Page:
In database log file grows from 32 GB to 70 GB and % of log space used become > 97%. After I took the log backup then %of log space used comes < 1% but size remains 70 GB .

Now I want to shrink the file size , but having following doubts : -

  1. Is shrinking log file is good, to reuse empty VLF as well as reducing size of file .

  2. How to determine that up to what % I need to shrink the file size ...

  3. Does shrinking log file remove the indexing of database?

Any guidance please.

3 Answers 3


I will answer this specific part

Does shrinking log file removes the indexing of database.

I believe you meant does shrinking of log file brings index fragmentation, not it does not causes index fragmentation. It definitely does not removes indexes I am not sure what made you asked this but rest assured no indexes would be removed.

For other parts of your question

Shrinking of log file is as bad as shrinking of data file. The reason is, when you log file grows again after shrinking and autogrowth event is triggered which forces the process to stop until space is made available via autogrowth event. So now think this autogrowth happening frequently on large OLTP databases you can see how many a times a process would have to wait for autogrowth to complete. The best way is to presize the log file. Please refer Autogrowth article from Simple Talk. This will help you in presizing the log file and setting appropriate autogrowth value. Both are equally important.

If space is really a problem and you anyhow need it now and have no option you my shrink the log file but DON'T make it a habit. Find out process which forced it to grow more than expected and size your log file accordingly.

Some blogs for reading

Steps for better transaction log throughput

Transaction Log VLF too many too few


It is better not to shrink the log.

Obviously, there is a reason why the log grew, and it will probably happen again. If you shrink it, you will face autogrows which might not be good as well.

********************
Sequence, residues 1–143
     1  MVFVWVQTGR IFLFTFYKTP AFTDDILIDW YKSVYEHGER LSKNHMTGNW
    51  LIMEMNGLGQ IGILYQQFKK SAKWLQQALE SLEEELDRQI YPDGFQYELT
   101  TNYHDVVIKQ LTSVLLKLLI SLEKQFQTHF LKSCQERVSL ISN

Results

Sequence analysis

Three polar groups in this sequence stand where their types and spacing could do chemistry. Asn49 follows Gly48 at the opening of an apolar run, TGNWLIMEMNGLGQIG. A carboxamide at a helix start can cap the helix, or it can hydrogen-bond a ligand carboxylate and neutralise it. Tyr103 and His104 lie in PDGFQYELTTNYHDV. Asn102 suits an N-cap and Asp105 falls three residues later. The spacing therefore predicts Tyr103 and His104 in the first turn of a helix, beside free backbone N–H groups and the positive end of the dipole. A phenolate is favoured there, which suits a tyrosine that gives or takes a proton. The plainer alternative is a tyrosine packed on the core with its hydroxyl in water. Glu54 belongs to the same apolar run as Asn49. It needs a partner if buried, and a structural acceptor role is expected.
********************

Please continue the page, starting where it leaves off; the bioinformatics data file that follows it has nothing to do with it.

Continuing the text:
By the way - make sure the autogrowth is in MBs, not in percent. Perhaps, you should do log backups more frequently. Anyway, monitor the size of the log and the internal usage over time , and then if it needs shrinking, use DBCC SHRINKFILE.

Always leave some additional space in it.


Just to expand on previous answer that was posted.

Just like George said, shrinking in general is not something that should be part of maintenance job. Rather log size miscalculations, some unexpected scenarios (such as uncommitted transaction, large and intensive DMLs etc etc) or insufficient amount of log backups can cause excessive log growths.

If your log size does not seem large enough, you should monitor it during busy hours, or during night time ETLs(If you have some) to see the average log size and change it if needed. Also make sure to set log size auto growth in specific MB size, which will mostly depend on your initial log size. More info could be found here Database log VLFs

Now to answer your questions:

1) No in general. But in scenarios i mentioned above, it could be helpful. Which is the only time when it should be used - out of ordinary situations.

2) If you determined you want to shrink your log file, you should be aware that the log file is made out of VLFs(Virtual log files), which are gradually filled one at the time. Once all of them are filled,if you reached your log maximum size, log auto growth will happen and depending on size will grow in 4/8/16 VLFs. Once the log is backed up, these VLFs will become empty again (you will always have some in use, so it can track current LSN). To keep it short, once you backup you log, you can check used and unused VLFs using DBCC LOGINFO command

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Fields to note here that are useful for shrinking are File Size which is the size in bytes, and Status which can be either 0(unused) or 2(used). The amount of % or MBs that could be shrunken is sum of unused VLFs - 1VLF. Be aware that shrinking only happens in VLF amounts, you cannot shrink it in desired MBs such as 5,10,12 etc, unless it fits the summed size of used VLFs. Always make sure to check messages after shrinking occurs.

3) Shrinking does not remove indexes, since shrinking removes only unused(empty) VLFs. If you might have thought, if shrinking database files defragment indexes - yes it does but its off the topic.

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